Monday, August 02, 2004

Kerry finds an Attack Dog Surrogate

Ned Barnett
© 2004

As I publish this story, the media hasn't quite connected with it - but they will. However, when they do, it probably won't make any difference ... As actor Sam Shephard said in "The Right Stuff" (playing Chuck Yeager, discussing Gus Grissom's failed Mercury mission) "sometimes you get a pooch that can't be screwed ...

Traditionally, the Vice Presidential candidate (especially for the challenger) serves as a pit-bull attack dog, allowing the candidate to remain on the high road while still ensuring lots of "red meat" for the party faithful. Sergeant Shriver did that, Bob Dole did that (when he ran for VP), even Al Gore did that in '92. But everybody agrees that John Edwards is both too "sunny" and too light-weight to fulfill this essential campaign role.

So the Kerry campaign has found a useful surrogate for the VP attack-dog role ... and they didn't have to look very far. Teresa Heinz-Kerry has proved to be an effective surrogate VP, launching brass-knuckles attacks on Bush ... and unlike VP candidates (who can be, in turn, attacked with brass knuckles), she seems likely to remain invulnerable to in-kind attacks. No matter what she says, it's unlikely that Bush will lower himself to attack the wife of his opponent - he's too much of a gentleman, and he knows that any such in-kind attack would be seen as boorish (and counter-productive). As a result, in spite of her controversial nature, Teresa Heinz-Kerry may prove to be her husband's secret weapon - a gutsy street fighter who's also invulnerable to any return-fire attacks.

Is that the proper role for a potential First Lady? Clearly, Mrs. Kerry doesn't care - she's in her element, and she's made it clear that she plans to keep gut-punching the President right up to election day.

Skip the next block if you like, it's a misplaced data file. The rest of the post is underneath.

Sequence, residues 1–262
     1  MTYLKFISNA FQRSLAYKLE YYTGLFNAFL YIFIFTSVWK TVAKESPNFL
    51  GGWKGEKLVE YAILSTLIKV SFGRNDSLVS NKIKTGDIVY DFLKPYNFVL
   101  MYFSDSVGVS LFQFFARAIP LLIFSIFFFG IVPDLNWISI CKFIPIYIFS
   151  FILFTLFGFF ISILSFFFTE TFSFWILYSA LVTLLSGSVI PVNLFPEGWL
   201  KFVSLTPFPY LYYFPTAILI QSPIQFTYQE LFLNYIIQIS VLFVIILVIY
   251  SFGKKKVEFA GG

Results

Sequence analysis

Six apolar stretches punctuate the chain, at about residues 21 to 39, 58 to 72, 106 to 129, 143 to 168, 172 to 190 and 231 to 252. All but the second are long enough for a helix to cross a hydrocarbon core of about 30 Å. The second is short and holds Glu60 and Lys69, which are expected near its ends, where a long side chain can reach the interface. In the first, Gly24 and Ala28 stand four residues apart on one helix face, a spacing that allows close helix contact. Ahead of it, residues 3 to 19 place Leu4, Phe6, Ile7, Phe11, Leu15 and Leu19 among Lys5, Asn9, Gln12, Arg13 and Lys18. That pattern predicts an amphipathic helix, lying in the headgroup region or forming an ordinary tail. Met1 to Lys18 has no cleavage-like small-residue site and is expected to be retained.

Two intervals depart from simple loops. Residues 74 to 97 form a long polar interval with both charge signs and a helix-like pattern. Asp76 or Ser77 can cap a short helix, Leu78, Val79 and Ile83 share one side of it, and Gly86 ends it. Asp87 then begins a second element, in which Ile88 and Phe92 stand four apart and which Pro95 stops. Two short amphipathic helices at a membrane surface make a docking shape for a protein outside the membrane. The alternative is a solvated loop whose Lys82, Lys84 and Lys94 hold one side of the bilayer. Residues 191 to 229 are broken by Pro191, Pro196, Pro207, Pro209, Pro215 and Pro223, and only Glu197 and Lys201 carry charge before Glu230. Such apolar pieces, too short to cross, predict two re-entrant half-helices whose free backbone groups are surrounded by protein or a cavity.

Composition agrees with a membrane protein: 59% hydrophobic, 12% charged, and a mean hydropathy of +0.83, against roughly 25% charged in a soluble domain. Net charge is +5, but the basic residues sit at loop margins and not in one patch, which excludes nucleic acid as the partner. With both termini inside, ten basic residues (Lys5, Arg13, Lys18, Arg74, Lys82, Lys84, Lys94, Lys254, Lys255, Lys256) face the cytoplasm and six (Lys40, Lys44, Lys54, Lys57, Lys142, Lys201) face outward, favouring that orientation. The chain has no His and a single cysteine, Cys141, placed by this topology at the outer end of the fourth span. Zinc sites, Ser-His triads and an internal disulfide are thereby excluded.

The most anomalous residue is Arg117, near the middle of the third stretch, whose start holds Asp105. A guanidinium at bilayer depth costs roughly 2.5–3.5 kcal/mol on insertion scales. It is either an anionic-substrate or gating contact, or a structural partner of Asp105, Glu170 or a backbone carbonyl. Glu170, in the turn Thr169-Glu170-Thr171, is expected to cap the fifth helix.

Here's the story that triggered this realization:

Reuters: Heinz Kerry: Four More Years of 'Hell' if Bush Wins
2 hours, 45 minutes ago

MILWAUKEE (Reuters) - Teresa Heinz Kerry, the outspoken wife of Democratic presidential nominee John Kerry, pulled no punches on Monday in telling a rally what she thought of the Bush administration - hell.

And later, discussing the war in Iraq, Heinz Kerry subtly questioned Republican President Bush's intellect, saying: "It's vital for anyone with intelligence to acknowledge mistakes and change positions - hello."

When a Bush supporter with a bullhorn shouted "four more years" from the back of a large crowd packed into a downtown Milwaukee park, Heinz Kerry, who was introducing her husband, responded: "They want four more years of hell."

"Three more months!," she declared, referring to the Nov. 2 presidential election.
Last week at the Democratic Convention in Boston, where Kerry formally accepted his party's nomination as Bush's opponent, Heinz Kerry briefly caused a stir when she told a reporter to "shove it."

"She speaks her mind and she speaks the truth and she's pretty quick on her feet too," the Massachusetts senator said when he took the microphone in Milwaukee.
"That's why America is going to embrace her and she'll make a spectacular first lady of the United States of America."

About Ned Barnett:

Ned Barnett, the owner of Barnett Marketing Communications (, is a 32-year veteran of high-stakes crisis-management public relations, and is a frequent “source” for print and broadcast journalists. Barnett has advised many corporate and personal clients on effective crisis relations – often stopping a crisis in its tracks, even before it gets started.

As a political consultant and speechwriter, Barnett has worked for candidates and officials from both parties, as well as for public interest advocacy groups in areas involving the economy, the environment and healthcare. As a historian, Barnett is widely published in military history magazines, and has appeared a number of times on the History Channel, discussing military technology.

Barnett has taught PR at two state universities, and has written nine published books on public relations, marketing and advertising. He’s earned PRSA’s coveted Silver Anvil, two ADDYs and four consecutive MacEacherns; in 1978, he was the youngest (to that time) person to earn accreditation from PRSA, and in 1984, he became the first person to earn a Fellowship in PR from the American Hospital Association. But mostly, Barnett provides PR counsel to a range of corporations, authors and advocacy groups.

© 2004 – Ned Barnett
Barnett Marketing Communications